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Product and Quotient Properties of Exponents

This lesson helps students understand two foundational exponential properties: The Product and Quotient Properties of Exponents. Students will collaborate to formulate a rule for these properties. Ultimately, students should conclude that when the same bases are being multiplied, exponents will be added; and when the same bases are being divided, exponents will be subtracted. As the lesson progresses, students will apply these rules to simplify expressions of various difficulties.

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Who Ate More - Fractions on a Number Line

In this activity, students will consider a real-world scenario requiring them to compare two fractional amounts using a number line. Through the use of the number line and peer collaboration, students will recognize equivalency in the two fractional quantities and effectively communicate their understanding of this concept.

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Proving an Ecosystem’s Health Through Succession

**Students engage in viewing day three of ecosystem changes in lab groups to determine if the ecosystem is healthy or unhealthy based on scientific data and factors. **

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Earth’s Movements

Students will work in small collaborative groups to demonstrate the rotation of the Earth as it revolves around the Sun which creates a day and night cycle.

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Fractions with Multi-Step Problems

Students will be able to work collaboratively while baking to find the least common multiples of fractions with unlike denominators and create equivalent fractions, then add or subtract.

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Circuit Designers

**Students will work in small groups of two to three on a structured challenge around circuits which includes requirements such as including using a switch or a conductor. They will then use that knowledge to work on a collaborative challenge to solve a relevant problem related to elephant poaching. Students will create a containment system that will have an alarm system, a lighting system, and a way to pass through. Finally, they will review the other projects and discuss similarities and differences in the design.**

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Word problems, models and more!

**The students will engage in group activities to solve word problems with and without models as well as writing equations. **

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45-45-90 Triangles

To learn the pattern of the side lengths of a 45-45-90 triangle, students complete a gallery walk, a card sort activity starting with using the Pythagorean theorem, and activity to locate if there is an error in a presented problem and if so to identify what the error is.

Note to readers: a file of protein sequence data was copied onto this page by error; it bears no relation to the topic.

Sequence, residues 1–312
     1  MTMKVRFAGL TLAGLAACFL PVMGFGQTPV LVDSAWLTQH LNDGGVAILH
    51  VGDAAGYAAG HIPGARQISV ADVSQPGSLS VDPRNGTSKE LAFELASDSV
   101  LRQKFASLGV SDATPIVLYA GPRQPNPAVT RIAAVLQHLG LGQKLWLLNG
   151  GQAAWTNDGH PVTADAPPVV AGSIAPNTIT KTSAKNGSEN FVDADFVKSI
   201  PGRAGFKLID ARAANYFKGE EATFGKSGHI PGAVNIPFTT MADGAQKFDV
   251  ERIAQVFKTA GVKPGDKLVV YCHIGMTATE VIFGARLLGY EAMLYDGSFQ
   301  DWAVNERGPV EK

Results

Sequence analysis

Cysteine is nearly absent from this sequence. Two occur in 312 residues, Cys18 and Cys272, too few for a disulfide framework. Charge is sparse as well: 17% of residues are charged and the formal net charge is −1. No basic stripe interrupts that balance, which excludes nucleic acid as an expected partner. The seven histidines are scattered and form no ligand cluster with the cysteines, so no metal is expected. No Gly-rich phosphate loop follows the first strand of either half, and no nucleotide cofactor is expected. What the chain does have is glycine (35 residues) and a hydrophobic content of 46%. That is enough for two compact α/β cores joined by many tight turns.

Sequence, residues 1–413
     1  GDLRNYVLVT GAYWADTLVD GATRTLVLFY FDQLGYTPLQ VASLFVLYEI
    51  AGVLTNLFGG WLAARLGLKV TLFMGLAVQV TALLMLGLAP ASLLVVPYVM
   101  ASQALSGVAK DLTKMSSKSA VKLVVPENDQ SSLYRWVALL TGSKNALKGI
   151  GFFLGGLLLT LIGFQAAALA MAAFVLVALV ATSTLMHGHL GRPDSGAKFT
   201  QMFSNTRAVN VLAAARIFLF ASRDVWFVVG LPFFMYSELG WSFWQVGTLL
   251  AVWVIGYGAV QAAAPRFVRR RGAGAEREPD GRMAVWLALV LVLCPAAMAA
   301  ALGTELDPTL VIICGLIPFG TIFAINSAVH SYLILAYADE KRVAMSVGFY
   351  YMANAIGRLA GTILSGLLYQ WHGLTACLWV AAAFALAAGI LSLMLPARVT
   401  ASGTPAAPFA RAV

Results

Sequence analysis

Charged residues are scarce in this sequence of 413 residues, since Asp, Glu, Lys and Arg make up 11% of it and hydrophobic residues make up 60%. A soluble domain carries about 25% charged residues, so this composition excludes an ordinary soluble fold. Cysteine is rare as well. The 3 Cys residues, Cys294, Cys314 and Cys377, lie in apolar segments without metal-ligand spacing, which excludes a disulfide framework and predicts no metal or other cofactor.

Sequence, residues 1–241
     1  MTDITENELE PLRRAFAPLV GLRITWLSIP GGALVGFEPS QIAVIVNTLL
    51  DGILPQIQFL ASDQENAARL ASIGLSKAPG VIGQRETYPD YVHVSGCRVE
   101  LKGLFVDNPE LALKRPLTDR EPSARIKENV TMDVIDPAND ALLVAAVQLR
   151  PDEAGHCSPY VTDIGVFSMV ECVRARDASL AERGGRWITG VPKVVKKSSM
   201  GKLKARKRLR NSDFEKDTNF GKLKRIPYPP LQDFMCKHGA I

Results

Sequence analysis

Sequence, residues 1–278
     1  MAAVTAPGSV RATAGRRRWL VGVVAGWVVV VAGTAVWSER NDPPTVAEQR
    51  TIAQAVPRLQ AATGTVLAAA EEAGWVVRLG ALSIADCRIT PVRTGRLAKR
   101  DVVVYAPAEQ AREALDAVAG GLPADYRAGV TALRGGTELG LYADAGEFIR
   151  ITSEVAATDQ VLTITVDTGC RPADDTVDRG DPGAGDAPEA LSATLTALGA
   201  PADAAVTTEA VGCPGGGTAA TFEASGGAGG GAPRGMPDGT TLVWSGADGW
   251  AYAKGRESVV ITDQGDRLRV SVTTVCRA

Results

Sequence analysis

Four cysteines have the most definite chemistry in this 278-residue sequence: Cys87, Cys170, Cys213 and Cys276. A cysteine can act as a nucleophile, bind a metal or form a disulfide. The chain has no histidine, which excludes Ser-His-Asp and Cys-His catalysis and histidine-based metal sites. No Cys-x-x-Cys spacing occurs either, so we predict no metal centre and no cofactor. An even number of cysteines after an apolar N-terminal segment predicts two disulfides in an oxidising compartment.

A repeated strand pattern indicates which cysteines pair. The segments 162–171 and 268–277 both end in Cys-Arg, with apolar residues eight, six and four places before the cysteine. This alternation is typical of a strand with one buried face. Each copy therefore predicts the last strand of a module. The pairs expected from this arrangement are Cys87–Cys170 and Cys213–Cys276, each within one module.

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Particular Polygons

Students will be able to classify 2D figures by analyzing their attributes.

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From Dogs/Not Dogs to Prisms/Not Prisms

Students will work in pairs, groups, and independently to sort and classify 2D and 3D shapes using formal geometric language. Students will have opportunities to explore the work of other groups to expand their thinking and find new ways that shapes can be sorted and classified. Students will engage in multiple conversations using accurate geometrical language to ask questions, explore a variety of reasonings, and share generalizations about shapes.

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Using Linear Equations to Count Pecans

**Students will write linear equations in point-slope form given two points via a verbal description.**

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Courts of Measure

Students will use measurement tools to measure the dimensions of the basketball court and calculate the area of the court.

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Crime Scene Two Steppers: Two-step word problems using multiplication and division

Students will collaboratively solve two-step real-world word multiplication and division problems by using a checklist. Students will also solve a two-step word problem by completing a hands-on group activity.

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Colorful Fractions

**Students will represent fractions in multiple ways, such as pattern blocks, fraction strips, and number lines.**

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Mendelian Genetics Using Monohybrids

Students will work collaboratively through a fictitious, real-world scenario to determine the probability of each breeding pair of dogs producing offspring with the desired trait for a fictitious client.

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Working with Literal Equations

The lesson will provide a conceptual basis for illustrating the parallelism between solving multi-step equations and translating literal equations into solutions for specified variables.

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Types of Motion

Students will distinguish between and/or interpret the types of motion.

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Types of Science Investigations

Students will distinguish between descriptive, comparative, and experimental investigations.

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Experimental Design

Given investigation scenarios and lab procedures, students will identify independent variables, dependent variables, constants, and control groups.

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Making Solutions

Given graphs, scenarios, illustrations, or descriptions, the student will determine how different processes affect solubility in aqueous solutions.